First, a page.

[Halld-offline] subtle bug in ROOT

Richard Jones richard.t.jones at uconn.edu
Sat Feb 25 09:20:36 EST 2017


Such limits exist of course, but this is NOT what I am reporting. The limit
of IEEE 32-bit floats is 3.4e+38. TH1F is not using ordinary float-type
values. It must be converting the floats to something less than 32 bits
(maybe 16 bits?) and trying to save space that way.

-Richard J

On Sat, Feb 25, 2017 at 9:15 AM, Dominik Werthmueller <werthm at jlab.org>

> Dear Richard
> This issue is not really a bug in ROOT but related to general floating
> point arithmetics on computers. Basically the difference between two
> representable numbers increases as their values increase and it will exceed
> 1 at the limit you mentioned. Hence adding 1 does not change the number
> anymore.
> https://root-forum.cern.ch/t/maximum-histogram-bin-content/5891/2
> https://docs.oracle.com/cd/E19957-01/806-3568/ncg_goldberg.html
> Cheers,
> Dominik
> > Am 25.02.2017 um 13:14 schrieb Richard Jones <richard.t.jones at uconn.edu
> >:
> >
> > Dear colleagues,
> >
> > Maybe this is common knowledge to people more versed in ROOT than I am,
> but this was a surprise to me, that took me quite some effort to discover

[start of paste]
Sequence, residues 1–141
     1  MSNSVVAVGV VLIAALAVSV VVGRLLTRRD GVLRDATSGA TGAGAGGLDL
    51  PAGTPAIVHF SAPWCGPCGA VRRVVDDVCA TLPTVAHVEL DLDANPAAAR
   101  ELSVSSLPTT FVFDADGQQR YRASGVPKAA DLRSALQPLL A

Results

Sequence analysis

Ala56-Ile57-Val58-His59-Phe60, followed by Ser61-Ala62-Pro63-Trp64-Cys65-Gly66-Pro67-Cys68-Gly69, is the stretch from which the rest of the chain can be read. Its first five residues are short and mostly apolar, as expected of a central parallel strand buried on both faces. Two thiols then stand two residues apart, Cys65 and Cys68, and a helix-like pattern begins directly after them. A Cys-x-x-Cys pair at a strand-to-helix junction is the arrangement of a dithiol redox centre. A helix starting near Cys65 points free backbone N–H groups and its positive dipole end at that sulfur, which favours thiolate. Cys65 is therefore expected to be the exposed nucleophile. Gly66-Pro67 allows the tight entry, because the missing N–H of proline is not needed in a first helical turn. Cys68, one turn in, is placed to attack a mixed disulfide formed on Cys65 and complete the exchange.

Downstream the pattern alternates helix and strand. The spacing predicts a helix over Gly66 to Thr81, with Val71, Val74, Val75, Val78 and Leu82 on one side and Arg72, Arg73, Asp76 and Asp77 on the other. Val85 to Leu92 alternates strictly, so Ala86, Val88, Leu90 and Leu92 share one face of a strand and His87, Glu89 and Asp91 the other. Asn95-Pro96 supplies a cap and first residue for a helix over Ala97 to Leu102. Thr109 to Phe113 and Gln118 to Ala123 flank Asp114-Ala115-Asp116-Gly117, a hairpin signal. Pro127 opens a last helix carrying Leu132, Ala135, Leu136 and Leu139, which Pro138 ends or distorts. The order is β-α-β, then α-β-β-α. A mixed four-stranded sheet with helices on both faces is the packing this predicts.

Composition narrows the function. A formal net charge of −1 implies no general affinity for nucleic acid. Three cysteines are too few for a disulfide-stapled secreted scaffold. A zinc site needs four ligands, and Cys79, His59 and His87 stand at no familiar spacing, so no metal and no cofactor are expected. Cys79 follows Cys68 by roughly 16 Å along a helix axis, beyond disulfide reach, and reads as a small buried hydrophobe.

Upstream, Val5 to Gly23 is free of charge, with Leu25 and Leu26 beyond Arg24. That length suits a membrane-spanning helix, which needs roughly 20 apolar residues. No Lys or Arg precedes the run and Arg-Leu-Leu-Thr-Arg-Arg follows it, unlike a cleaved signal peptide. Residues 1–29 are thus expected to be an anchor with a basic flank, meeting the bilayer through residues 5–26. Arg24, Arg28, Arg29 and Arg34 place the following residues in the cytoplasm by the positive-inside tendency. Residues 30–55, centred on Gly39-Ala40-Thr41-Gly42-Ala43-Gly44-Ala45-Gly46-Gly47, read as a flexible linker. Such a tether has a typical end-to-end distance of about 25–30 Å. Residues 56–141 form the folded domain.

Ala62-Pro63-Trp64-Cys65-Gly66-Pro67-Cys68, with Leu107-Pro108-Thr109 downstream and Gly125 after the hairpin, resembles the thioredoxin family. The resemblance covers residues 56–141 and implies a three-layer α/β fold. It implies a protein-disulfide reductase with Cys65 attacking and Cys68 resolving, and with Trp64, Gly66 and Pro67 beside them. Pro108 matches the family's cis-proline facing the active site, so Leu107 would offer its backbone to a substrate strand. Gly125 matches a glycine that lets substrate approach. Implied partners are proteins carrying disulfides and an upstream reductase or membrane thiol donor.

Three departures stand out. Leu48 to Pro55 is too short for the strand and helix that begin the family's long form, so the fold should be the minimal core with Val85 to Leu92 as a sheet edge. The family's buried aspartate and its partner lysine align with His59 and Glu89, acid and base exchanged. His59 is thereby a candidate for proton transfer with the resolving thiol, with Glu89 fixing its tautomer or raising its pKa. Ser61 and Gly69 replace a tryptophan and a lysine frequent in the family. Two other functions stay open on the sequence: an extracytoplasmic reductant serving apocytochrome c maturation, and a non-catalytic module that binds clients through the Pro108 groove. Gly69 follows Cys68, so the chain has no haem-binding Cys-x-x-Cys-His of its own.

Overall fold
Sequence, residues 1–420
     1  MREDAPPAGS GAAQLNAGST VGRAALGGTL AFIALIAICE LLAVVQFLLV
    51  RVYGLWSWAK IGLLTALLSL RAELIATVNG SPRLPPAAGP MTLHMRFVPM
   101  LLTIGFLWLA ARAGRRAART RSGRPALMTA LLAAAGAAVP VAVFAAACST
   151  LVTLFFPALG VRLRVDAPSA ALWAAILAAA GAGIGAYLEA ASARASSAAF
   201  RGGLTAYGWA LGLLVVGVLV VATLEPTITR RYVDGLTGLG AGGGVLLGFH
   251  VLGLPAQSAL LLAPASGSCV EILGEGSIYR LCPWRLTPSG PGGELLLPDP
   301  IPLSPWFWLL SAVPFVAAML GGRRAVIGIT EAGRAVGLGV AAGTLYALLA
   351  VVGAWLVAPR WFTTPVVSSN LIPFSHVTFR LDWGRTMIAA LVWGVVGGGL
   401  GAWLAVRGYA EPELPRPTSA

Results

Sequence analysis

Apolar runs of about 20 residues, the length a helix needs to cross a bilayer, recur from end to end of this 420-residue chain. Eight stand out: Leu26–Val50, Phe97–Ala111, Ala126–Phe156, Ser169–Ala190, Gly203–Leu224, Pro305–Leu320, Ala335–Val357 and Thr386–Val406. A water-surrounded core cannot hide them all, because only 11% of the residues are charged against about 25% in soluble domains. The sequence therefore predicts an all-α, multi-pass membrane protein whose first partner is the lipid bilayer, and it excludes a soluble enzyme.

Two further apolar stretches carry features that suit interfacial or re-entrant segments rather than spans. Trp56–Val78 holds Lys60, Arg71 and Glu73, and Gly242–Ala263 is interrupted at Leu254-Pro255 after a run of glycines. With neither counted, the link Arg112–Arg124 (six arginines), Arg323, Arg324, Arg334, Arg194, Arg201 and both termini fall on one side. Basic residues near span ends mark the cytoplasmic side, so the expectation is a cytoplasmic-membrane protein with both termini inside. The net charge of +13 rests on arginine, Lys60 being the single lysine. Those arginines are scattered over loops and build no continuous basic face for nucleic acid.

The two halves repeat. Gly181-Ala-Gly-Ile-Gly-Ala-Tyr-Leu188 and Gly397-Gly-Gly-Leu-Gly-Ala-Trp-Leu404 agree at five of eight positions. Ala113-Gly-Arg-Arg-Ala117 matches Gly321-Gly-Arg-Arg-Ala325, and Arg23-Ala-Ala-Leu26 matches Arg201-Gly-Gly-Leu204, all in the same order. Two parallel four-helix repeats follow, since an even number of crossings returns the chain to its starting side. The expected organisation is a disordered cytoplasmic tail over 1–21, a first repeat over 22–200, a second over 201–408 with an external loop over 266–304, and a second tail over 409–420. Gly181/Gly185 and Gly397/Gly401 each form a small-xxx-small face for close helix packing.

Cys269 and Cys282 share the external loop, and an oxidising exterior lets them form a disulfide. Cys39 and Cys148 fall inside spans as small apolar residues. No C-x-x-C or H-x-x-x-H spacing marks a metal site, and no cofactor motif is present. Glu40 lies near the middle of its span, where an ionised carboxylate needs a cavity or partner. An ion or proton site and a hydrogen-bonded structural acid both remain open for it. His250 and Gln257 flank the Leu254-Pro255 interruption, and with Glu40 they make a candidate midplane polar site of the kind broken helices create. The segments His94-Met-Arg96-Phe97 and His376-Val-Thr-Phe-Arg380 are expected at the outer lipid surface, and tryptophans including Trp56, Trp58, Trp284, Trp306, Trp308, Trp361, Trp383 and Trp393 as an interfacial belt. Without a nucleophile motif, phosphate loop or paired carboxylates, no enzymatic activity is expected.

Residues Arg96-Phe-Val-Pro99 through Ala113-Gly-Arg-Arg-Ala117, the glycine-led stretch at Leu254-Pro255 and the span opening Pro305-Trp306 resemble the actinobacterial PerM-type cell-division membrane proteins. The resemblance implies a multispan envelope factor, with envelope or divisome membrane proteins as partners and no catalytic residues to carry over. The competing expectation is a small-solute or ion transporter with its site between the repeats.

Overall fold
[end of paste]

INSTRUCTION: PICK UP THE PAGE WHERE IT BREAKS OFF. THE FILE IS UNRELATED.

> why my TTree analysis was producing nonsense.
> >
> > >>  TH1F histograms silently truncate their bin contents at 16,777,216
> (2^28) <<
> >
> > unless you fill with non-unity weights, in which case they truncate at
> OTHER SMALL VALUES. To be specific, if you create a TH1F histogram h1 and
> then do h1.Fill(0.) repeatedly then this bin will silently stop
> incrementing when the bin content reaches 1.677216e+7. If you fill it with
> a non-unity weight then it will gradually lose precision as the number of
> Fill calls on that bin exceeds some threshold like a few M, and then
> silently stop incrementing altogether when the bin content reaches some
> limit. For w=100 I found this limit to be 2.147e+9. This was unexpected
> because the letter F in TH1F implies "float" which has a max value about
> 3.4e+38. What use is a histogram object that silently discards entries as
> soon as the count reaches some small value that we expect to commonly hit
> in high-statistics analysis? They must be doing some kind of
> range-truncating-compression in the storage of TH1F bin contents.
> Personally, I would rather get the right answer, even if it means using
> more memory, but that's just me.
> >
> > A workaround would be never to use TH1F, always TH1D. I have not been
> able to discover a similar silent truncation in TH1D. That, plus the fact
> that TH1F::Fill() is a couple orders of magnitude slower than TH1F::Fill().
> Apparently it takes a lot of cpu time to generate bugs of this kind?
> >
> > Meanwhile, beware. This is especially insidious because the command
> tree.Draw("px") in your interactive ROOT session implicitly creates and
> fills a TH1F, not a TH1D, even if px is declared double in your tree. In my
> present analysis, my tree has 200M rows, but in principle that will bite
> you even if you have only 20M rows in your tree.
> >
> > -Richard Jones
> > _______________________________________________
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